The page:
Iranians changing money for gold ahead of US sanctions
The White House is on the verge of reinstating sanctions against the Islamic Republic that were lifted following the historic nuclear deal sealed between Tehran and world powers in 2015. President Donald Trump unilaterally withdrew the US from the agreement on May 8.
The first round of renewed US sanctions will take effect on Tuesday with the harshest penalties expected in early November. The US will impose a ban on the country’s automotive sector and metals trading, while further sanctions will target oil and shipping industries.
The imminent ban has tripled year-on-year demand for the precious metal, including bars and coins, to about 15 metric tons, according to the latest report by the World Gold Council. To meet the surging demand Iran's central bank had to mint hundreds of thousands of coins, reportedly totaling over 60 tons of gold.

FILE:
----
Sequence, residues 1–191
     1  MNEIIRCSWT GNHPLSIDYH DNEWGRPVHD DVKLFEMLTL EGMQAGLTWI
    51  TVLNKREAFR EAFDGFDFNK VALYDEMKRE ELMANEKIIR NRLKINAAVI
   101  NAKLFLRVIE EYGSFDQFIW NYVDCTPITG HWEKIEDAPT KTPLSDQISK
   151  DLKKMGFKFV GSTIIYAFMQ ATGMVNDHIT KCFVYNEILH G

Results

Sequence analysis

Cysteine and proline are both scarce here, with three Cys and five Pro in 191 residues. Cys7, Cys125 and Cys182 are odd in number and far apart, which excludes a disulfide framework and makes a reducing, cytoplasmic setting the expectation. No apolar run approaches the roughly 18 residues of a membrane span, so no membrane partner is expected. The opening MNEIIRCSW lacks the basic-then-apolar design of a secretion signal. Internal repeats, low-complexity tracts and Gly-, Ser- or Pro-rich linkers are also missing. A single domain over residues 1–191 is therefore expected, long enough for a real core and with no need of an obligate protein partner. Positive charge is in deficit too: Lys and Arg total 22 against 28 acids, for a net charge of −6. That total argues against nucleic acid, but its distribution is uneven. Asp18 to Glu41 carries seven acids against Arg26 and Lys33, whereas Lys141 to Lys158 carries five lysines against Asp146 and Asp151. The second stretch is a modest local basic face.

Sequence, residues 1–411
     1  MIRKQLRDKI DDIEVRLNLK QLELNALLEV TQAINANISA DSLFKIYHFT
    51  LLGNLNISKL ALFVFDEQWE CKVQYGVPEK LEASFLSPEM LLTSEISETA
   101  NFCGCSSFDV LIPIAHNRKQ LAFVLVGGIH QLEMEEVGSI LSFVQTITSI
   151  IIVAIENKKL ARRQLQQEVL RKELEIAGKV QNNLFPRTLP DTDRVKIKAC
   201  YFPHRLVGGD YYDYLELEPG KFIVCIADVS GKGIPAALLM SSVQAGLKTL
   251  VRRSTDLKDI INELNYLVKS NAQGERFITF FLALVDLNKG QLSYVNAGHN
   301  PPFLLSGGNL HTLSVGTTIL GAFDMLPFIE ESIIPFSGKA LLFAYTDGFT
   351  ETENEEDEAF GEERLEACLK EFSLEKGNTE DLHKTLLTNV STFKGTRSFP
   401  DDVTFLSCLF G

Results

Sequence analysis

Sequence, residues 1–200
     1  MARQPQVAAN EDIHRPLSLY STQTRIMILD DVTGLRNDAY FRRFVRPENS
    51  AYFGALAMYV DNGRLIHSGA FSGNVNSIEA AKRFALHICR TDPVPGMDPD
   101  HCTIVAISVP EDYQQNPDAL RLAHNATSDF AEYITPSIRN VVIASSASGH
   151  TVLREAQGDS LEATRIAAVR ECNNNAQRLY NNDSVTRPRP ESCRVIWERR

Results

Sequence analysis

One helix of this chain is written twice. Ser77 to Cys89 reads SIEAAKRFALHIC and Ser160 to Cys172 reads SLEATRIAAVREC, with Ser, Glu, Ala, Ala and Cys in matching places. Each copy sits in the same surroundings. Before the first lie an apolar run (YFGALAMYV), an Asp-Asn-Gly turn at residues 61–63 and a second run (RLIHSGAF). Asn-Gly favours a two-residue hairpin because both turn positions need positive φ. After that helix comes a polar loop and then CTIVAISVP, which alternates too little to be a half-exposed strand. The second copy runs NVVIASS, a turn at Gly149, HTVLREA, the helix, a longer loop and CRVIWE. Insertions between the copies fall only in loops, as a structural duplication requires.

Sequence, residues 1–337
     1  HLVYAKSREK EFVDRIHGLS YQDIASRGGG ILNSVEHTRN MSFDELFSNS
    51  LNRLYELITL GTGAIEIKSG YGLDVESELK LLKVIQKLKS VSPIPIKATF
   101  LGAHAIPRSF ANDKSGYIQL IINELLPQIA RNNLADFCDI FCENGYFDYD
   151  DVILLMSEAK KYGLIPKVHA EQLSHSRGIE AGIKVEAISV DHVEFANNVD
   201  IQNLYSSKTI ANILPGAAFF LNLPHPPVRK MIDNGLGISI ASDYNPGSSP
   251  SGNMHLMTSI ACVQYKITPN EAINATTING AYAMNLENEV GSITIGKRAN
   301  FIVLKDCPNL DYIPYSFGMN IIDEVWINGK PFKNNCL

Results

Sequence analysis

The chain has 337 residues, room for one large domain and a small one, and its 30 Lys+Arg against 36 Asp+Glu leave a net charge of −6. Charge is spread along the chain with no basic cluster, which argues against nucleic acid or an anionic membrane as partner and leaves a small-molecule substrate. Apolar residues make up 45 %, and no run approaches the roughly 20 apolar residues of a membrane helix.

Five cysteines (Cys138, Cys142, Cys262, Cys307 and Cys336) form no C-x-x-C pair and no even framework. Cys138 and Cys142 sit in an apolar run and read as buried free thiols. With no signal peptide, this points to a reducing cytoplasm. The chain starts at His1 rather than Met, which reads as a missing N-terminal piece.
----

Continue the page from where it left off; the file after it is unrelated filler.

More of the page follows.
The price for a 8.13-gram gold coin reportedly hit 36 million rials ($820) on Sunday, more than double its price in January. Last week, gold set a record of 45 million rials ($1,025) per coin.
“People are changing their money into gold because it’s a reliable investment commodity,” Mohammad Kashtiaray, the head of gold and jewelry committee under Iran’s Chamber of Guilds told the Wall Street Journal.
Iran’s national currency, the rial, has faced a record plunge in 2018. The rial is currently hovering around 44,000 per US dollar against 36,099 in January, according to XE Currency Converter. The country’s GDP is expected to continue shrinking next year with inflation and unemployment currently seeing a double-digit increase.
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